Facebook won the rights to stream all 380 Premier League soccer matches per season from 2019 to 2022 in Cambodia, Laos, Thailand, and Vietnam, in a deal worth about £200 million ($264 million), The Times reports.
This is likely Facebook’s highest profile sports streaming deal to date — the platform has previously streamed Major League Baseball (MLB) games and World Surf League (WSL) competitions among other sporting events — because the Premier League is the world’s most watched sports league.
Facebook’s acquisition of the Premier League rights represents how digital platforms are contributing to cord cutting by increasingly curating premium sports content that has historically only been available on linear TV.
Turning to digital platforms like Facebook can help the Premier League maximize viewership as consumers increasingly shun pay-TV. Premier League’s typical pay-TV partners are reaching fewer viewers. During the last Premier League rights auction in 2015, UK pay-TV broadcasters Sky and BT paid a combined £5.1 billion ($6.9 billion) for the TV rights over three seasons. Average viewing for Sky’s live TV channels in the UK fell 14% over the course of the 2016-2017 season, per The Drum.
Meanwhile, BT’s subscriber base in February reportedly fell by thousands as the pay-TV provider raised its monthly prices. This means selling rights to global tech platforms on a per-region basis will likely be an important strategy to offset declining audiences in UK-based TV operators.
And consumers are only spending more time with the internet on platforms like Facebook. Globally, consumers will spend an estimated 221 minutes per day online in 2018, up 4% year-over-year, making it logical for players to forge these partnerships to take advantage of the increase in time consumers spend online. The Premier League believes targeting tech companies is the best way of securing future revenue growth, per The Times.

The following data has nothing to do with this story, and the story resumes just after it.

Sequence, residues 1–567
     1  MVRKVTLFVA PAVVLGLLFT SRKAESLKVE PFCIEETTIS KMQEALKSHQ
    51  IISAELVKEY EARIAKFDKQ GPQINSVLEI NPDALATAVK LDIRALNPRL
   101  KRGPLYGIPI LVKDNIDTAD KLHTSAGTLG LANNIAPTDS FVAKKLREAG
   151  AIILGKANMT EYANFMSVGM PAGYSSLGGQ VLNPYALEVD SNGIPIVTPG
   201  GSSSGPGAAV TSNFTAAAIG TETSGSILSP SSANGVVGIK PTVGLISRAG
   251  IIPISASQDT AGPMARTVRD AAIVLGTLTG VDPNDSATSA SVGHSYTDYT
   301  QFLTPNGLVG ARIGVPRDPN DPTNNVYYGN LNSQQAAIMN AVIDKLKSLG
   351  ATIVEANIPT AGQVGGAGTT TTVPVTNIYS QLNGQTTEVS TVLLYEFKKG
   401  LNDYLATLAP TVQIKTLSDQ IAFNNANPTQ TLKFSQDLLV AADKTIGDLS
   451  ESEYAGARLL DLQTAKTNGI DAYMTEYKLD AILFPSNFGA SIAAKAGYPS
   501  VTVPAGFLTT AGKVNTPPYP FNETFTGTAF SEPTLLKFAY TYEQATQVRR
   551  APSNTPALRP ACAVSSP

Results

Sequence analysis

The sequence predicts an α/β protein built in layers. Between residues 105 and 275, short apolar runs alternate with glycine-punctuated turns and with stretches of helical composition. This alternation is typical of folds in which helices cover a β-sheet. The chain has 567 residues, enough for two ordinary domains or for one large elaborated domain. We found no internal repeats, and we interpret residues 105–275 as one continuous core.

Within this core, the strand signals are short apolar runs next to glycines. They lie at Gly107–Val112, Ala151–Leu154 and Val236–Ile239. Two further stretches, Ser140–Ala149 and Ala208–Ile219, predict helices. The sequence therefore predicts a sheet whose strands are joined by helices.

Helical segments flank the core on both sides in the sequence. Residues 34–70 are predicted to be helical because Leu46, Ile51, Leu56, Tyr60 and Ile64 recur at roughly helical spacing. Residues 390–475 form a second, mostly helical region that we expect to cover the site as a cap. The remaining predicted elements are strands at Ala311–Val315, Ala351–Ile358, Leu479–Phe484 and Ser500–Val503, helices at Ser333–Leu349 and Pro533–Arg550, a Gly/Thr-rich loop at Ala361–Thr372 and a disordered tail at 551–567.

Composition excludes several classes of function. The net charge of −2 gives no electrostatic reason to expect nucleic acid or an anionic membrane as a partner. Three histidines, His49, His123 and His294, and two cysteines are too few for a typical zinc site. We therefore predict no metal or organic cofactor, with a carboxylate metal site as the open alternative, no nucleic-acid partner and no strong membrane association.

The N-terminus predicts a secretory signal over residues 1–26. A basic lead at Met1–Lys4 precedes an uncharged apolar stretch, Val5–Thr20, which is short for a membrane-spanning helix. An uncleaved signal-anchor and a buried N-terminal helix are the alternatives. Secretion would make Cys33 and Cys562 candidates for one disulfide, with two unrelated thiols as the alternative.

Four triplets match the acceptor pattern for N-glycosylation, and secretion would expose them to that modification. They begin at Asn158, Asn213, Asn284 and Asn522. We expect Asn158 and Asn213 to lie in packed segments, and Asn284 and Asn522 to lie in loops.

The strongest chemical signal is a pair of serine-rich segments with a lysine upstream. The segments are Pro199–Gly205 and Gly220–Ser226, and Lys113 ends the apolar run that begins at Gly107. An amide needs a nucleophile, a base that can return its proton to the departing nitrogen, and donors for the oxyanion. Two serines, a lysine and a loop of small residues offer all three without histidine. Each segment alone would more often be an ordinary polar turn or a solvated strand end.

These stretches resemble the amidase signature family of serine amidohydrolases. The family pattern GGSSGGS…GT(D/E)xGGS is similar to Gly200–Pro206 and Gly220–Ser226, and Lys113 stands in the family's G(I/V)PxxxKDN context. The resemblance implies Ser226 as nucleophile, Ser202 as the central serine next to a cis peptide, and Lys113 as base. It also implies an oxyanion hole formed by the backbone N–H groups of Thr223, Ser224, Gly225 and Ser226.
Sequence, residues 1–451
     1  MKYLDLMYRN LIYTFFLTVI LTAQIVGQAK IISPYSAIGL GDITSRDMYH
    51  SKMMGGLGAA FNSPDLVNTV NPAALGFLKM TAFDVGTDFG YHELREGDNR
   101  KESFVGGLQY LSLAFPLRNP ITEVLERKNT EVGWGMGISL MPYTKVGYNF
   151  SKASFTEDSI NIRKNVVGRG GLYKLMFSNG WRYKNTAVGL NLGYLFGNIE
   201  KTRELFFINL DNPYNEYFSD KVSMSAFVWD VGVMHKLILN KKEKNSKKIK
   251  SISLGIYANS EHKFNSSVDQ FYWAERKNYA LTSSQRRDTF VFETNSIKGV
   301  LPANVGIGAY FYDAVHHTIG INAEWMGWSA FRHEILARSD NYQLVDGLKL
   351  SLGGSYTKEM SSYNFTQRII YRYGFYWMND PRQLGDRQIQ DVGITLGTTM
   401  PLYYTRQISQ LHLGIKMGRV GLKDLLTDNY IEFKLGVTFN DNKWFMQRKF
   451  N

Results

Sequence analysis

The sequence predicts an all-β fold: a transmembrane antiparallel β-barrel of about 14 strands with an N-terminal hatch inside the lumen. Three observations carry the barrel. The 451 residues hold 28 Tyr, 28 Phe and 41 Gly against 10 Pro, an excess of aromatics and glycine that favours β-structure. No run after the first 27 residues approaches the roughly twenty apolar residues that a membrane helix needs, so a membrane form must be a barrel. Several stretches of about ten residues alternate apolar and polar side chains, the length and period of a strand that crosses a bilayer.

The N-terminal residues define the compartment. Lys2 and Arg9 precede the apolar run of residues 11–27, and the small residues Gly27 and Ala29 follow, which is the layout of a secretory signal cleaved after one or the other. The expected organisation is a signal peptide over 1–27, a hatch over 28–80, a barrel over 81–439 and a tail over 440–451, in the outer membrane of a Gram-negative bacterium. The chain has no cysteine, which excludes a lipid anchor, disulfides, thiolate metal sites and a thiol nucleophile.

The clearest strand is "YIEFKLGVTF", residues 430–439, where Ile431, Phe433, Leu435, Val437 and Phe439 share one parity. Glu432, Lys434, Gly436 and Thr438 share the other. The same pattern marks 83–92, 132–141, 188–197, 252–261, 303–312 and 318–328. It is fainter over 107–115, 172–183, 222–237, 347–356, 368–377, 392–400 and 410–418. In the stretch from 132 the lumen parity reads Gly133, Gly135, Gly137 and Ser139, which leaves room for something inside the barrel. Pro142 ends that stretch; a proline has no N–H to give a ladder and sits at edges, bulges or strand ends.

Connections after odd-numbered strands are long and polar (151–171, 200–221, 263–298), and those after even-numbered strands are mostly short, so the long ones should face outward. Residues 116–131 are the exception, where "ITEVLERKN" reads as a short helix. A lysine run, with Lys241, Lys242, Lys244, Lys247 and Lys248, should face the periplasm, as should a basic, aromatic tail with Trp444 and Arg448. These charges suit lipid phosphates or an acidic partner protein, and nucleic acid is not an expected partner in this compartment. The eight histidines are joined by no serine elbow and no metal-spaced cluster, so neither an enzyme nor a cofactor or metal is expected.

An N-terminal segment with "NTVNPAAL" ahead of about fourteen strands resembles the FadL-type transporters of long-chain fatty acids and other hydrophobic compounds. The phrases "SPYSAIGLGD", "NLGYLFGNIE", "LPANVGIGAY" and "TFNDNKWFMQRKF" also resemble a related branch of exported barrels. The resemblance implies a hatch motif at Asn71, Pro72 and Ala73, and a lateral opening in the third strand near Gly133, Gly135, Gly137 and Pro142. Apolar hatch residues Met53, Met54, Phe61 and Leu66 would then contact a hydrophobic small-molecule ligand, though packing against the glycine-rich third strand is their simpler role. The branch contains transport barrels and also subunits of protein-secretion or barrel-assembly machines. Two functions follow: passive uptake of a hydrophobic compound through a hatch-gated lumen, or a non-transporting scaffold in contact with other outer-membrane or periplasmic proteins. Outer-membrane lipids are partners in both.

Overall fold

And so it has been shopping its rights around to a number of big tech platforms for deals similar to that with Facebook. In June, Amazon won the exclusive UK rights to broadcast 20 Premier League matches to Prime subscribers, and the league has also held talks with YouTube and Netflix over rights deals.
The Premier League deal also means Facebook can provide exclusive sports content to its biggest user base. Most of Facebook’s users come from the APAC region, which accounted for about 40% of Facebook’s Q1 2018 monthly active users (MAUs), compared to smaller shares from the US and Canada (11%) and Europe (17%).
And there’s a good chance at least some of Facebook’s APAC users will tune into the Premier League matches, given that 38% of the Premier League’s viewers come from the Asia and Oceania region, per Southeast Asia Globe. Facebook hasn’t inserted ads into any of its previous live sports broadcasts, but brands may still benefit from Facebook’s Premier League streams. Ads elsewhere on Facebook might be exposed to more eyeballs from users that are drawn to the social platform for the Premier League streams.